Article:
WHO Namibia participates in the 8th Dr Theo-Ben Gurirab lecture series
The series were under the theme global health diplomacy: How can small states play a meaningful role in global health diplomacy.
WHO Namibia, represented by Dr Mary Brantuo, participated in the 8th Dr Theo-Ben Gurirab lecture series under the theme global health diplomacy: How can small states play a meaningful role in global health diplomacy.
The lecture series are facilitated by the Ministry of International Relations and Cooperation.
The Right Honorable Deputy Prime Minister and Minister of MIRCO, Hon Netumbo Nandi-Ndaitwah welcomed the panelists and audience to the session which streamed live on social media platforms.
Dr Brantuo said that the 'World Health Organization has stepped up to lead global and joint action as the world’s directing and coordinating global health authority', making reference to the COVID-19 pandemic and the need for global diplomacy. She further said that through such global collaboration the Access to COVID-19 Tools (ACT) Accelerator is established to accelerate the development, production and equitable access to COVID-19 vaccines, therapeutics and diagnostics to protect health systems & restore societies & economies.
Dr Brantuo further stated that the role of WHO in global diplomacy is not new given that the organization hosts the annual World Health Assembly bringing together member states to deliberate and make decisions on specific health agenda.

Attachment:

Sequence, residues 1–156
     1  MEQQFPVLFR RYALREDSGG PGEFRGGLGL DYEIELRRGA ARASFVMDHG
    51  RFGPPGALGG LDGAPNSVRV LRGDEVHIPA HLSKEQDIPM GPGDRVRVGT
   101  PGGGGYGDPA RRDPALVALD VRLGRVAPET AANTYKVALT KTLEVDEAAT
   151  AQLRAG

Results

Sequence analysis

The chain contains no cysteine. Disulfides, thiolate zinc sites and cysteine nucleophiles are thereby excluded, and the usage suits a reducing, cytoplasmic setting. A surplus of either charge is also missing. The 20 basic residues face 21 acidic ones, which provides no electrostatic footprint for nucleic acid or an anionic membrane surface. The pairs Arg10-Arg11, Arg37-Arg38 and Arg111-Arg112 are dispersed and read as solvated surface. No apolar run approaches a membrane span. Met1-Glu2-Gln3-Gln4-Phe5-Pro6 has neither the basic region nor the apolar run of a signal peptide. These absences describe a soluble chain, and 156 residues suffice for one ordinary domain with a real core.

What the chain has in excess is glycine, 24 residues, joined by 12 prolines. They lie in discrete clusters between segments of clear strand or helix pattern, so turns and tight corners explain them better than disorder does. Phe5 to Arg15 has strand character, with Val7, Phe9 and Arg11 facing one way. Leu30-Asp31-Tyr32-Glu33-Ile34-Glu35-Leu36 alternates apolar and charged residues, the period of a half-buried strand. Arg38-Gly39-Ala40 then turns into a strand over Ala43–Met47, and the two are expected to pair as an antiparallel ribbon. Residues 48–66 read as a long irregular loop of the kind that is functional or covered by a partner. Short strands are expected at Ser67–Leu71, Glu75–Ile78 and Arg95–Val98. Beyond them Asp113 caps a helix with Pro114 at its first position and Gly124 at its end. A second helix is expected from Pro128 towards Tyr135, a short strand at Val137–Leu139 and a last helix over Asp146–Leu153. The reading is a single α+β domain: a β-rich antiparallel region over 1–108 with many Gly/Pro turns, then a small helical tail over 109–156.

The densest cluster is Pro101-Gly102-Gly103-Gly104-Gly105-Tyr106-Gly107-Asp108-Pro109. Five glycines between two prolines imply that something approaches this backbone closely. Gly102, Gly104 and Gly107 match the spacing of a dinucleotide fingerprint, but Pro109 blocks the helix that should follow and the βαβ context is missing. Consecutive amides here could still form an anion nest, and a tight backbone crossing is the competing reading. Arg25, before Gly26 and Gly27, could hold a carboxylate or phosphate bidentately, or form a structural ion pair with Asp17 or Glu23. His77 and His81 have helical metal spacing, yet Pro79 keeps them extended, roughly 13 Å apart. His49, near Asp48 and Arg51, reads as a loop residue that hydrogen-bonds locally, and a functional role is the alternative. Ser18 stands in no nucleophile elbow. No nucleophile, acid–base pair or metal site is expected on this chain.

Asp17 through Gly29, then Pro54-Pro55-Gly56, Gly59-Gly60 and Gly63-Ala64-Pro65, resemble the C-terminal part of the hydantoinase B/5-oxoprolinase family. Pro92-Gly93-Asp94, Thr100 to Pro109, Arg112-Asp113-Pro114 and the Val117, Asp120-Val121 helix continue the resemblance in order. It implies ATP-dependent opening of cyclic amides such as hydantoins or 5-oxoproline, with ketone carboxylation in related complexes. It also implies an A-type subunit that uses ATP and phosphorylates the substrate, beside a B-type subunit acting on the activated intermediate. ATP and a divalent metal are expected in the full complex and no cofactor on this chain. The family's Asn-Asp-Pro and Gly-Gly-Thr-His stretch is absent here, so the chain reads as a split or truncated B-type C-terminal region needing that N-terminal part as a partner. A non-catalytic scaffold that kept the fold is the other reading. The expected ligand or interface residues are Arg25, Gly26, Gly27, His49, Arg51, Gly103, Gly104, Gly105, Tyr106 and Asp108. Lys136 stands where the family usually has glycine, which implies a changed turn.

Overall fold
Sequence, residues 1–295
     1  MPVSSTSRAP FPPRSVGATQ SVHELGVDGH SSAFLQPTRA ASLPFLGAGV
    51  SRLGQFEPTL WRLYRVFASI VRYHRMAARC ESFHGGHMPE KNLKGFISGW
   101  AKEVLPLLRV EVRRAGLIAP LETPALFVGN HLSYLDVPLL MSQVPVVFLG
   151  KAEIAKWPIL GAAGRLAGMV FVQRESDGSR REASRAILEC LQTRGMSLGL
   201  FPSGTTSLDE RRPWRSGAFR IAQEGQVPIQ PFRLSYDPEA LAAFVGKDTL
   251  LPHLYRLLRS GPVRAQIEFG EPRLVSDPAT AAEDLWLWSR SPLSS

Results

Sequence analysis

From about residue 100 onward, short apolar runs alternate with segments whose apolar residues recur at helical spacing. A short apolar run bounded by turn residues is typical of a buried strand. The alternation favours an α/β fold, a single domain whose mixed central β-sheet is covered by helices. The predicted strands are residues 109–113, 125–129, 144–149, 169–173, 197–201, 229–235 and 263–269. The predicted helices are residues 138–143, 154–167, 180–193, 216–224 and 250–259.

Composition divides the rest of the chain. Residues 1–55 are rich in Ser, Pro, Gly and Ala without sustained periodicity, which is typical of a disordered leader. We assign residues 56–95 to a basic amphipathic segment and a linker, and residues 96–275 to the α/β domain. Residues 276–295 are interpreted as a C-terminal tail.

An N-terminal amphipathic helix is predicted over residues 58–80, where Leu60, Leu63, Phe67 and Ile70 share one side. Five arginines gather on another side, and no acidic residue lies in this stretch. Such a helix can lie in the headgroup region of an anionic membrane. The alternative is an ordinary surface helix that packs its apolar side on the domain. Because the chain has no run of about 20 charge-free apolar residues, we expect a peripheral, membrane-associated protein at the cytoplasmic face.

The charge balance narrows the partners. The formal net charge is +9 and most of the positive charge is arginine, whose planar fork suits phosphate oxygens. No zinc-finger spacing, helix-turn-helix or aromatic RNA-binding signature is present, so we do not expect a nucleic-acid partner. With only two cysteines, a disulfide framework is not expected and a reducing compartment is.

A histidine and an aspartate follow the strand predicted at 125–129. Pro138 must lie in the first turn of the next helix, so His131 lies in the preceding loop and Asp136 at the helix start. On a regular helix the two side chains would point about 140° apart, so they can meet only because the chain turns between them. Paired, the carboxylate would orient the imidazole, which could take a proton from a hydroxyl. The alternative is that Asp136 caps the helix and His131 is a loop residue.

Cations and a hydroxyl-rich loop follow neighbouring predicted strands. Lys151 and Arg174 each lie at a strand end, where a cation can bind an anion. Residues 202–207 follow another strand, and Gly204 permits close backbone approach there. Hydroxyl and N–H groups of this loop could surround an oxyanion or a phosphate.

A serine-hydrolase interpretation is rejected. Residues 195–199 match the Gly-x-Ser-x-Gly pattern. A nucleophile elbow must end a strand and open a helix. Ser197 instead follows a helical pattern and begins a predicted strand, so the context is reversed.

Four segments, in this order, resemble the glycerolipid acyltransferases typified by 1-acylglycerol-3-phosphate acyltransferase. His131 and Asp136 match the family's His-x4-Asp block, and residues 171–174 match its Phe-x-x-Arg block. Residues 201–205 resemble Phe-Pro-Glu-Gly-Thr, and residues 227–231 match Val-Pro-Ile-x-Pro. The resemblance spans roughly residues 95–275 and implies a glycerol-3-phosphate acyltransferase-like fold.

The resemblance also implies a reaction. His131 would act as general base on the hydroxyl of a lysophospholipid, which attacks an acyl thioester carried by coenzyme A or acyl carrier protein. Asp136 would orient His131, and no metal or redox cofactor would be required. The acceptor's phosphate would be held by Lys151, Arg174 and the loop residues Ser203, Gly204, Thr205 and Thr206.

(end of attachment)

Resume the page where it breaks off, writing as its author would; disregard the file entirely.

'Global health diplomacy is not reserved only for middle and large powers. Real multilateralism is a level-playing field which significantly benefits small states with the universal principle of “one state – one voice” Indeed, it is the voice of the small states which is heard louder and longer through their multilateral engagement. Small states, have a tradition in leading multilateral initiative, and can be very efficient in furthering a progressive health agenda. In international forums, organizations and groupings can advocate for global health issues and be a leader in health diplomacy', she said.
She further said that small states may occupy the Presidency or chairmanship of a Regional body, and through such roles, can advocate and set the agenda for health within their respective regions giving examples from the European Union, African Union and SADC.
She drew attention to the fact that health goes beyond pandemic preparedness and response or Universal Health Coverage.
‘In the spirit of the Sustainable Development Goals, we should recognize that health is linked to many other areas such as economic well-being, environment, agriculture, labour and gender’.
As 'illustrated by the current pandemic, transcend national borders and require close international cooperation'.
She concluded by calling on small States to 'take the stage and play their part in global health diplomacy. It is only through these means that we can all contribute to making the world a safer place for all'.
The other panelists included:
- H.E. Dr. P. Vijaye Lutchmun, High Commissioner of the Republic of Mauritius to Namibia
- Dr. Richard Kamwi, Ambassador of SADC Malaria Elimination Fight and former Minister of Health and Social Services and
- Prof. Kabwebwe Honore Mitonga Dean of the School Public Health from the University of Namibia